“I can remember quite clearly what the value was of my mother preparing a dish, and letting us kids give feedback on the taste before serving it to the whole family.”
— Rick Bayless
Writers can create some delicious fare, but it’s unfair (to us all) to omit input from those who digest their words. I’ll elaborate.
Arguably, the biggest problem for activists across the board seems to be their reluctance to encourage contact. Of course, organizers invite contact when they’re seeking funds and/or setting up an event and/or trying to secure signatures for a petition. That sort of thing goes on all the time. But the lack of “contact” I’m speaking of has to do with posted writers not providing email addresses at the end of articles, or easy access via some other means.
Pick out a handful of alternative media outlets, if you will, and conduct your own survey; see how many pieces give contact info adjacent to the author’s name. I trust that you’ll be absolutely shocked at the low percentage. In some relatively few instances websites will be given, but that’s more of a generic gesture than what I’m talking about. Here I’m attempting to underscore the poor grades most writers must be given for not encouraging readers to contact them directly respecting essays which might have truly generated excitement, motivated deeply through the sharing of information or singular point of view.
Too much faith is being given over to the notion that inspired readers will follow through on issues spotlighted by an author on their own. Well, they do not, as a rule. And because that’s a fact in the lives of alternative readers and viewers, great inspiring pieces wind up being entertainment, distractions from action and/or diversions from engaging in in-depth exchanges. In short, readers of articles and viewers of videos tend to move from one entry and posting to another, never really getting down with meaningful discussion of any kind. Which precludes fresh ingredients being used in the activist mix. The kind that can only be derived from focused collective energy.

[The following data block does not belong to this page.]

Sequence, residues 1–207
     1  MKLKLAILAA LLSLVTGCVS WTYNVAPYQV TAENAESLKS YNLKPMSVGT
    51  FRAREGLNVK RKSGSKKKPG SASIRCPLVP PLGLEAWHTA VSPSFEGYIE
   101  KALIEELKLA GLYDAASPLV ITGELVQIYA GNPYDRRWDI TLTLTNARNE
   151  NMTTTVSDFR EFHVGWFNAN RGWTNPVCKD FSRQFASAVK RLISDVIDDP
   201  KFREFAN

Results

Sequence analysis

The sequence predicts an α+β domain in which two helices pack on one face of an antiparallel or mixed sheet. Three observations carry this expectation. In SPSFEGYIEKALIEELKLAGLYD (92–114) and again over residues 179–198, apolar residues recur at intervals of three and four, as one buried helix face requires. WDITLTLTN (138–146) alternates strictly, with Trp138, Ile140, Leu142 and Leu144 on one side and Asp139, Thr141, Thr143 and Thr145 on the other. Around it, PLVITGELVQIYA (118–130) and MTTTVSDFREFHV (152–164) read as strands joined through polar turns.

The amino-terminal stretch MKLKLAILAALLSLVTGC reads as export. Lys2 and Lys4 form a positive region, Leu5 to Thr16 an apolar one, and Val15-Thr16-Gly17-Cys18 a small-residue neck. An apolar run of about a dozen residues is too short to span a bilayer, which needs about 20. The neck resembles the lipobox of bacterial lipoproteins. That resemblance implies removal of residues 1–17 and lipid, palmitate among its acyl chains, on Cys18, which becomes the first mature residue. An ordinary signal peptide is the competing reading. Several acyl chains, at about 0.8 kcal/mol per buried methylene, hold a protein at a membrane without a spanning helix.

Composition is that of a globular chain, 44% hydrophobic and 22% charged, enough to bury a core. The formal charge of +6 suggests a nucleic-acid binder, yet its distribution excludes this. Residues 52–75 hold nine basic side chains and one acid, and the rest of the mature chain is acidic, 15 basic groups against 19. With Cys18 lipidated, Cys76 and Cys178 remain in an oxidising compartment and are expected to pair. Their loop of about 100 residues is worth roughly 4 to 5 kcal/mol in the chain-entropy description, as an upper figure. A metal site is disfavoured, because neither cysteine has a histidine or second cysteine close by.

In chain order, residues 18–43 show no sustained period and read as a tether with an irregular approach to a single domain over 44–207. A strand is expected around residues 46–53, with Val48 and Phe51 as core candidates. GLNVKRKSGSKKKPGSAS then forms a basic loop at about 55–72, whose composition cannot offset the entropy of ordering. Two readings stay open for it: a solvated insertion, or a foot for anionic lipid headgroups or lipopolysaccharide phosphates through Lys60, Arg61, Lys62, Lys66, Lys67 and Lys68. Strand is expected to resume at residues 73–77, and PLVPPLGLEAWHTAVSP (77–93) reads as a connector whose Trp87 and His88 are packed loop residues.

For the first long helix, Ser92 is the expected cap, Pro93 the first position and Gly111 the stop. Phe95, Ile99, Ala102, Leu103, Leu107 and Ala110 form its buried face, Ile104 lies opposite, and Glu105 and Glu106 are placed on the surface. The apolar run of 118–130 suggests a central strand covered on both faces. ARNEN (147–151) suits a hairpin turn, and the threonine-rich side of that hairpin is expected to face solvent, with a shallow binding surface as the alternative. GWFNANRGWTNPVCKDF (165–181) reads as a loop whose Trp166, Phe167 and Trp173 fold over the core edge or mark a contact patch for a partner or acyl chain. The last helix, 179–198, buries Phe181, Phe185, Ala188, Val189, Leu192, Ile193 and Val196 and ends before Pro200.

The best creative juices can be stirred up by having writers and readers interact with one another. No one has to have answers, but there can be a collective acknowledgement that coming up with authentically fresh approaches is contingent upon contact between, say, the cook and the customer.
Perhaps such a blending will give birth to a new ingredient. Maybe such (rare) movement in solidarity will result in… a new dish, lasting results.
There is no question that select writers should NOT be pressured to interact with their readers, but that demographic is small indeed. The vast majority of those who submit articles for posting — some truly inspiring — need to see the benefit of making themselves accessible. For the purpose of serving the Collective Good. Food for thought?
Such connection is resisted for various reasons, and that dynamic represents a daunting challenge in the activist realm.
Muhammad Othman can be reached at email@example.com.